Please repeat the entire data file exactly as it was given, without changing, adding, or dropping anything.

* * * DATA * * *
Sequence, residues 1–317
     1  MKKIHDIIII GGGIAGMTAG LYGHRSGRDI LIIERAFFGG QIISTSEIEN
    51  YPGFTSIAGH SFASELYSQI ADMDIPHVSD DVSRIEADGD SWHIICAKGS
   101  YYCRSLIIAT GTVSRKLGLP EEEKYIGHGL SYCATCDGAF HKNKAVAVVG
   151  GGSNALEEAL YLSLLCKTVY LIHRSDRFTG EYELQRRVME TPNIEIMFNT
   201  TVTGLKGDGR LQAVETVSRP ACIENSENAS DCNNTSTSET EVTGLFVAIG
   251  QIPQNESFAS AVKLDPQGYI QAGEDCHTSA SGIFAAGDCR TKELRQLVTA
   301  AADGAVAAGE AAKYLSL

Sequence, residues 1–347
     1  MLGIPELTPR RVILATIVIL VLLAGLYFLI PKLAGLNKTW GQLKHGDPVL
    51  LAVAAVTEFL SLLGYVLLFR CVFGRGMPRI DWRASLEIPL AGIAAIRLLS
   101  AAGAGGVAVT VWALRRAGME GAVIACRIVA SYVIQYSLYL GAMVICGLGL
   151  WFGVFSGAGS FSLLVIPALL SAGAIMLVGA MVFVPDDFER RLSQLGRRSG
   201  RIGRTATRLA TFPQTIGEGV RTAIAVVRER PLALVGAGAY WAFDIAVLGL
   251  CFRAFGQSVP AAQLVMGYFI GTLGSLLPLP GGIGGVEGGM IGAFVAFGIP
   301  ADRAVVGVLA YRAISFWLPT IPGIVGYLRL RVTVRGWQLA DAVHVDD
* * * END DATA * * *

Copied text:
Sequence, residues 1–317
     1  MKKIHDIIII GGGIAGMTAG LYGHRSGRDI LIIERAFFGG QIISTSEIEN
    51  YPGFTSIAGH SFASELYSQI ADMDIPHVSD DVSRIEADGD SWHIICAKGS
   101  YYCRSLIIAT GTVSRKLGLP EEEKYIGHGL SYCATCDGAF HKNKAVAVVG
   151  GGSNALEEAL YLSLLCKTVY LIHRSDRFTG EYELQRRVME TPNIEIMFNT
   201  TVTGLKGDGR LQAVETVSRP ACIENSENAS DCNNTSTSET EVTGLFVAIG
   251  QIPQNESFAS AVKLDPQGYI QAGEDCHTSA SGIFAAGDCR TKELRQLVTA
   301  AADGAVAAGE AAKYLSL

Sequence, residues 1–347
     1  MLGIPELTPR RVILATIVIL VLLAGLYFLI PKLAGLNKTW GQLKHGDPVL
    51  LAVAAVTEFL SLLGYVLLFR CVFGRGMPRI DWRASLEIPL AGIAAIRLLS
   101  AAGAGGVAVT VWALRRAGME GAVIACRIVA SYVIQYSLYL GAMVICGLGL
   151  WFGVFSGAGS FSLLVIPALL SAGAIMLVGA MVFVPDDFER RLSQLGRRSG
   201  RIGRTATRLA TFPQTIGEGV RTAIAVVRER PLALVGAGAY WAFDIAVLGL
   251  CFRAFGQSVP AAQLVMGYFI GTLGSLLPLP GGIGGVEGGM IGAFVAFGIP
   301  ADRAVVGVLA YRAISFWLPT IPGIVGYLRL RVTVRGWQLA DAVHVDD